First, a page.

Although cybersecurity discussions often focus on the increasing sophistication of cyberattacks, recent data from Verizon revealed cybercriminals continue to rely on old techniques that have been around for decades, particularly phishing scams.
Verizon’s 2015 Data Breach Investigations Report (DBIR) analyzed more than 2,100 confirmed data breaches and approximately 80,000 reported security incidents. The report also addressed more than 8,000 breaches and nearly 195,000 security incidents that have occurred over more than 10 years.
The Department of Homeland Security’s US Computer Emergency Readiness Team (US-CERT) defines phishing as an attempt by an individual or group to solicit personal information from unsuspecting users by employing social engineering techniques.
Traditionally, phishing involved sending an email from a reputable institution, such as a bank, and asking the user to provide personal information or change their password. Phishing has evolved over the years, now featuring the installation of malware in the second stage of the attack. Phishing is often a hallmark of state-sponsored cyberattacks.
In Verizon’s 2013 DBIR, phishing was associated with over 95 percent of incidents attributed to state-sponsored actors. Moreover, for the past two years, “more than two-thirds of incidents that comprise the cyber espionage pattern have featured phishing.”
“Lessons not learned from the silly pranks of yesteryear and the all-but-mandatory requirement to have email services open for all users has made phishing a favorite tactic of state-sponsored threat actors and criminal organizations, all with the intent to gain an initial foothold into a network,” the report said.
The Verizon researchers revealed that 23 percent of recipients now open phishing messages and 11 percent click on attachments. Furthermore, nearly 50 percent of users open emails and click on phishing links within the first hour.
“How long do you suppose you have until the first message in the campaign is clicked?” the Verizon researchers asked. “Not long at all, with the median time-to-first-click coming in at one minute, 22 seconds across all campaigns. With users taking the bait this quickly, the hard reality is that you don’t have time on your side when it comes to detecting and reacting to phishing events.”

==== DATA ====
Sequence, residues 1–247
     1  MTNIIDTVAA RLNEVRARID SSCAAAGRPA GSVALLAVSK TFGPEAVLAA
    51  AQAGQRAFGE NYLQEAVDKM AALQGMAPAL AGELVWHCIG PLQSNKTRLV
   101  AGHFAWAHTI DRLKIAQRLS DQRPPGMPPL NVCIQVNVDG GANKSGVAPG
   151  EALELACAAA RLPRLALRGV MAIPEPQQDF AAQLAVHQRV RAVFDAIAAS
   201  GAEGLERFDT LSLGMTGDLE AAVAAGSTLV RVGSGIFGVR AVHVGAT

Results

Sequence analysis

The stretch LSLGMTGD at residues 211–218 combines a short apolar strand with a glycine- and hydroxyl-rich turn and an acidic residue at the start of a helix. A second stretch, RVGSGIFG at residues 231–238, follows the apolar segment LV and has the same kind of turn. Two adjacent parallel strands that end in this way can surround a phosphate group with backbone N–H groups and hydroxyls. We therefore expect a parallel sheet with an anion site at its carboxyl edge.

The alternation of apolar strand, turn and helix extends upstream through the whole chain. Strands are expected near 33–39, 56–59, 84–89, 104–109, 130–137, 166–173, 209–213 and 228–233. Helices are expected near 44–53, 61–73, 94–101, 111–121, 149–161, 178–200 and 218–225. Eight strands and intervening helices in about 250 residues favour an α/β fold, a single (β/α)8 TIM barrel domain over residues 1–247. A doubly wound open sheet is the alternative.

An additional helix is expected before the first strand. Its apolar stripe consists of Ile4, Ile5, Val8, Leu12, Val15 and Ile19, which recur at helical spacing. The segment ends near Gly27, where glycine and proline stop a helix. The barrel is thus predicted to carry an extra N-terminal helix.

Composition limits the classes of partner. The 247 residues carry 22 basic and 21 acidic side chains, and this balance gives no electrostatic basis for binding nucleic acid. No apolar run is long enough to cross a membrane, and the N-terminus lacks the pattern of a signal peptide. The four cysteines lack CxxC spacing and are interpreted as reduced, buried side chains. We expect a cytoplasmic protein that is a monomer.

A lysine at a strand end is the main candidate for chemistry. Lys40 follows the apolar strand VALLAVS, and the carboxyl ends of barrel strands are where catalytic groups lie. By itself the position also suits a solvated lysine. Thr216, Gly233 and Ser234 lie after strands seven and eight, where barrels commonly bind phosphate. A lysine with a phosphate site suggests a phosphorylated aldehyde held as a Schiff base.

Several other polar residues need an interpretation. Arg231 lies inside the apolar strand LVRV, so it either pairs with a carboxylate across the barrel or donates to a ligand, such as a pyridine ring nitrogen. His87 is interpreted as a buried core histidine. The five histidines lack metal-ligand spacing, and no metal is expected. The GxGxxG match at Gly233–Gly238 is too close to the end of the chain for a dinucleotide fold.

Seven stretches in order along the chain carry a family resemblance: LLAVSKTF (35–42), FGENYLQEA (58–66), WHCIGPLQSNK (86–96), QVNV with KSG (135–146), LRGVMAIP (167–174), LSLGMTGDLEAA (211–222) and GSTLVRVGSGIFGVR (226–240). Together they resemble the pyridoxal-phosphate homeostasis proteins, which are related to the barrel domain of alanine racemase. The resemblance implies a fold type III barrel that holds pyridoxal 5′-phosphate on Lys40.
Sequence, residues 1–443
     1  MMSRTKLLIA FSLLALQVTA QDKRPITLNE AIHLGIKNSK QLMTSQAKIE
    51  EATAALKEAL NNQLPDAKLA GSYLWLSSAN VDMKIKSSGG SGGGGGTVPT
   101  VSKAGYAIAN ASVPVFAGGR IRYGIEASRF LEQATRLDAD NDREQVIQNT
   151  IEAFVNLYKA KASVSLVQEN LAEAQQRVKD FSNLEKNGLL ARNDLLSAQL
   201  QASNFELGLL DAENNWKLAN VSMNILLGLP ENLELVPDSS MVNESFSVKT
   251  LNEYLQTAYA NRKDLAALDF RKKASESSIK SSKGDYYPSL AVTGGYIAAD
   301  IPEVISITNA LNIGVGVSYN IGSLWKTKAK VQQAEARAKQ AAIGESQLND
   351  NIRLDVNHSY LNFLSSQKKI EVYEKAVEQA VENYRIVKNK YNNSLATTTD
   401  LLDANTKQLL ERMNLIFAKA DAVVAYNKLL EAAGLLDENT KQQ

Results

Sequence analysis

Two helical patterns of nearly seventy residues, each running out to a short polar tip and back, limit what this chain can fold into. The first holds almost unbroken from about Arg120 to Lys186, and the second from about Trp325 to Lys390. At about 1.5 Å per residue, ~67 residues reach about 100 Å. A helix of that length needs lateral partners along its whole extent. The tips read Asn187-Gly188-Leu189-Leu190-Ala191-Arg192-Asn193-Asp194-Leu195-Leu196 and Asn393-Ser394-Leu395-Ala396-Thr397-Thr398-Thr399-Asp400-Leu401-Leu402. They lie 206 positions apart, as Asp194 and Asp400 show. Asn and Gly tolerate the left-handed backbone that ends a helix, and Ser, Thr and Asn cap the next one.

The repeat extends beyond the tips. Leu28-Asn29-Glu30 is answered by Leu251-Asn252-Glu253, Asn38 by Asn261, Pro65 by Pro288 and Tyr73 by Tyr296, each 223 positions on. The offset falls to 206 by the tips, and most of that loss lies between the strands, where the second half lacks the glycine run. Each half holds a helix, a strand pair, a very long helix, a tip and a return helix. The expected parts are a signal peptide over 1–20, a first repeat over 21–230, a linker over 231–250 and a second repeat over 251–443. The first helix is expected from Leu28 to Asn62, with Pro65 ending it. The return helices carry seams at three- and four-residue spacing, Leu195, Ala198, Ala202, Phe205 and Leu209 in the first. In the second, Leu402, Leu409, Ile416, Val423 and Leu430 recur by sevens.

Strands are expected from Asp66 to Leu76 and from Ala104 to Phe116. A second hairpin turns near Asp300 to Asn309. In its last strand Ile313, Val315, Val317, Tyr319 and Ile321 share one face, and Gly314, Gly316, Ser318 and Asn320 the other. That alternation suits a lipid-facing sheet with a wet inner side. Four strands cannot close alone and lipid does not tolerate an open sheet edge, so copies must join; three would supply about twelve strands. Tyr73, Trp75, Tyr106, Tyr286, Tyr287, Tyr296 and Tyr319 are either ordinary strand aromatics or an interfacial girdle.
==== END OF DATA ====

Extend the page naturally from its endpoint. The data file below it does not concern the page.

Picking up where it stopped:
To mitigate phishing attacks, the report recommended better email filtering before messages arrive in users’ in-boxes, developing and executing an engaging and thorough security awareness program, and improved detection and response capabilities.
The researchers stressed technological defenses will always be imperfect and that people are the key to effective mitigation of the phishing threat, since the human factor is one of the top security vulnerabilities facing organizations.
“One of the most effective ways you can minimize the phishing threat is through effective awareness and training,” said SANS Securing the Human Program Training Director Lance Spitzner. “Not only can you reduce the number of people that fall victim to (potentially) less than 5 percent, youcreate a network of human sensors that are more effective at detecting phishing attacks than almost any technology.”
Similarly, as Homeland Security Today previously reported, the August 2014 McAfee Labs Threats Report found phishing continues to be a heavily used and effective mechanism for exploiting the weakest link in enterprise security: human behavior.
McAfee Labs indicated that in 2014 there was a significant uptick in both the total volume and sophistication of phishing attacks. Since last year’s threat report, McAfee has collected more than 250,000 new phishing URLs, with the United States hosting more phishing URLs than any other country.
More recently, Homeland Security Today reported that, according to data reported to US-CERT, phishing and malicious code continue to present threats to both the federal government and public at large. Commenting on the breach of the State Department’s unclassified email system, Dr. Mike Lloyd, CTO at RedSeal, called phishing attacks “the new normal.”
Although phishing remains a favored tactic, the report indicated 70 per cent of cyberattacks use a combination of techniques. These attacks alsooften include a secondary victim, making defense and attribution more difficult. In 60 percent of cases, attackers are able to compromise an organization in just minutes.
While technology can assist in detecting malware, ultimately the burden is on the email recipient to detect fraud. Businesses and individuals must begin modifying human behavior through better training in how to identify phishing attacks and other cybercriminal opportunities.
A major takeaway from this year’s report is that many cyberattacks could be prevented through a more vigilant approach to cybersecurity—a message that has been conveyed in previous Verizon DBIR reports. “We continue to see sizable gaps in how organizations defend themselves,” said Mike Denning, vice president of global security for Verizon Enterprise Solutions. “While there is no guarantee against being breached, organizations can greatly manage their risk by becoming more vigilant in covering their bases. This continues to be a main theme, based on more than 10 years of data from our Data Breach Investigations Report series.”